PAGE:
U.S. air crash investigators, who are assisting in probes of two fatal crashes of Boeing Co.’s grounded 737 Max, plan to issue recommendations within 60 days on how the plane was designed and certified.
The board will issue a recommendation package on “design certification issues,” National Transportation Safety Board Chairman Robert Sumwalt said Wednesday at a Senate Commerce Committee hearing.
Most of NTSB’s recommendations come in domestic accidents, but it has made sweeping requests in foreign investigations, including after the disappearance of Malaysia Airlines Flight 370 in the Indian Ocean in 2014.
Details of what the safety board will call for in the package weren’t revealed.
“We will let the facts drive us, but I am told that our staff is working on a recommendation package that I would suspect we would have out in the next 60 days regarding design certification issues,” Sumwalt said while testifying at a hearing on his confirmation for another term as chairman.
The NTSB is assisting investigations into crashes of a Lion Air jet in October off the coast of Indonesia and a Ethiopian Airlines plane near Addis Ababa in March. In both cases, a system designed to improve safety on the plane malfunctioned and repeatedly drove down the nose of the jets until pilots lost control.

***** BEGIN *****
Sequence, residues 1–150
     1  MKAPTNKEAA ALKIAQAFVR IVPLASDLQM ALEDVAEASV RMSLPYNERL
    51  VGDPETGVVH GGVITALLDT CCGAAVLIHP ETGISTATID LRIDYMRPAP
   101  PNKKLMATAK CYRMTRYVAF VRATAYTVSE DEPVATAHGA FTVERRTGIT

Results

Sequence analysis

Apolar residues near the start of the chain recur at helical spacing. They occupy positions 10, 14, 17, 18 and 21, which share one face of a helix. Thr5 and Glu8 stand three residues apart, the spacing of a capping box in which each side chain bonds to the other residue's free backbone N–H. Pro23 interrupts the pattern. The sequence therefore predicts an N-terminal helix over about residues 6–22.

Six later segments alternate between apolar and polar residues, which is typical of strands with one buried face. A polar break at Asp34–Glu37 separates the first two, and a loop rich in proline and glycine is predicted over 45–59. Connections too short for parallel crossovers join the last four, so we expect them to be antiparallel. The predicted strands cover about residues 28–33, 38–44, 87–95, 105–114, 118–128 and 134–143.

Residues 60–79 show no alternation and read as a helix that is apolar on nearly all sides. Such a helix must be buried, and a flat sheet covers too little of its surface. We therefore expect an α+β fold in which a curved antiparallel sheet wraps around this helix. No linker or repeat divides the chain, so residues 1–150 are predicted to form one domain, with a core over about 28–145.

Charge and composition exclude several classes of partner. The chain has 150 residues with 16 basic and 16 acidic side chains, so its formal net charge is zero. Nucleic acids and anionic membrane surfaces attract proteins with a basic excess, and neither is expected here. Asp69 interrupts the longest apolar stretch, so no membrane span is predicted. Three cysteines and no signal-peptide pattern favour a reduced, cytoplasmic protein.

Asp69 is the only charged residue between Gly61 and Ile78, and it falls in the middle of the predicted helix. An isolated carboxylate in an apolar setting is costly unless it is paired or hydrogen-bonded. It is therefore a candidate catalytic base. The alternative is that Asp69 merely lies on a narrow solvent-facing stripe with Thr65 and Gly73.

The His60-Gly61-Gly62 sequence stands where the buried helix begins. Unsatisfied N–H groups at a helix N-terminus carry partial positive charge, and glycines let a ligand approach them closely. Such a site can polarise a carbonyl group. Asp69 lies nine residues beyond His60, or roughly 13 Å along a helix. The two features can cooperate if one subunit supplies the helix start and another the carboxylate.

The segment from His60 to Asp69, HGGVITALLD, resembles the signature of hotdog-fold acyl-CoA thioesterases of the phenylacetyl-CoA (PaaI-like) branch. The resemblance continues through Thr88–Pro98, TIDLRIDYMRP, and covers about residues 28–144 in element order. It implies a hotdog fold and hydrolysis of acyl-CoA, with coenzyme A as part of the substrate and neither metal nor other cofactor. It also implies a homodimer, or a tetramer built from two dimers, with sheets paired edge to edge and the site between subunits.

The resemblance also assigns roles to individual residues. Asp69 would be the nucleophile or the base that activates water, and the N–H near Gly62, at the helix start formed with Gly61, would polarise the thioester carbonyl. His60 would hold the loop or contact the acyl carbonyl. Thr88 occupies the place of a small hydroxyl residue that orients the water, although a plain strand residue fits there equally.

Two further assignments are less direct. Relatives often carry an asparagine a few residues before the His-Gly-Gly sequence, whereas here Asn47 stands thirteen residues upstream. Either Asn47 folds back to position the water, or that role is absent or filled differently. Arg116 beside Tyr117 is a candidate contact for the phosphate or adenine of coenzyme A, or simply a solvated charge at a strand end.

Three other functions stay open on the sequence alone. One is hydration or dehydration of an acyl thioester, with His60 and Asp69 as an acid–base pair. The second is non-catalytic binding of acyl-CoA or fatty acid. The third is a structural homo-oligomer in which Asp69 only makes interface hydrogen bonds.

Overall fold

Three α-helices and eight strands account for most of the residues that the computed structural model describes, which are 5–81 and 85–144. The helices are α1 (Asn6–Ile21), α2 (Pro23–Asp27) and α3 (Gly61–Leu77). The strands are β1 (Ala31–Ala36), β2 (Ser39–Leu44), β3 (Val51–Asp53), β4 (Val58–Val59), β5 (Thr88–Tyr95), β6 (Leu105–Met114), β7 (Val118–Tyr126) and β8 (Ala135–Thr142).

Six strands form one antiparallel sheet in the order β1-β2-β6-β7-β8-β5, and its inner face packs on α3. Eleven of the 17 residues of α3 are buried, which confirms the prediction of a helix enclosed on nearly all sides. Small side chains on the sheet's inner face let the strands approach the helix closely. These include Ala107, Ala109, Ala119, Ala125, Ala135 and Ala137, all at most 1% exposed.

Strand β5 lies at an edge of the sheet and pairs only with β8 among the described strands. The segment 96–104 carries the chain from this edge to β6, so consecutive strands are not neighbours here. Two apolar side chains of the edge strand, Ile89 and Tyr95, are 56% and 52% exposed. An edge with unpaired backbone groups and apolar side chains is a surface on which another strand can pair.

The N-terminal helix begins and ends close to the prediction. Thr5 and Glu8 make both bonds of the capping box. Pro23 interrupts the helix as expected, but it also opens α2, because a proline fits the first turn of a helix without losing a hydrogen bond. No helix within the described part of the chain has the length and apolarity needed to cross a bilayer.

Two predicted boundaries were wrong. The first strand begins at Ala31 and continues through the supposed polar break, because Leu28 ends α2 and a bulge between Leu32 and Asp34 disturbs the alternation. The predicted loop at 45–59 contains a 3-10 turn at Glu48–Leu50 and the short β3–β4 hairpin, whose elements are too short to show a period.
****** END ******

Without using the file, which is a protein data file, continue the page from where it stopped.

China and some other nations grounded the Max family within a day of the March 10 crash. The U.S. waited until March 13 to halt flights on the planes.
Multiple U.S. government agencies are examining how the plane was designed with the system, known as Maneuvering Characteristics Augmentation System, and how it was certified by the Federal Aviation Administration. The U.S. Justice Department is conducting a criminal investigation of the issue as well.
A policy of designating approved employees of the planemaker to participate in the certification process has drawn criticism.
MCAS was designed to make the plane feel like the previous generation of 737s after the Max got larger engines. In some circumstances, it pushes the nose down so pilots will feel pressure on their control columns. In the accidents, a sensor that was driving MCAS malfunctioned and was sending erroneous signals that triggered repeated attempts to automatically dive.
Boeing is redesigning the system so that it won’t activate continually and is adding inputs from a second sensor so that malfunctions are less likely.
The NTSB, which has no regulatory authority, relies instead on making recommendations to other agencies and companies during an investigation. They are non-binding and can seek a variety of reforms or redesigns.
By Alan Levin and Shaun Courtney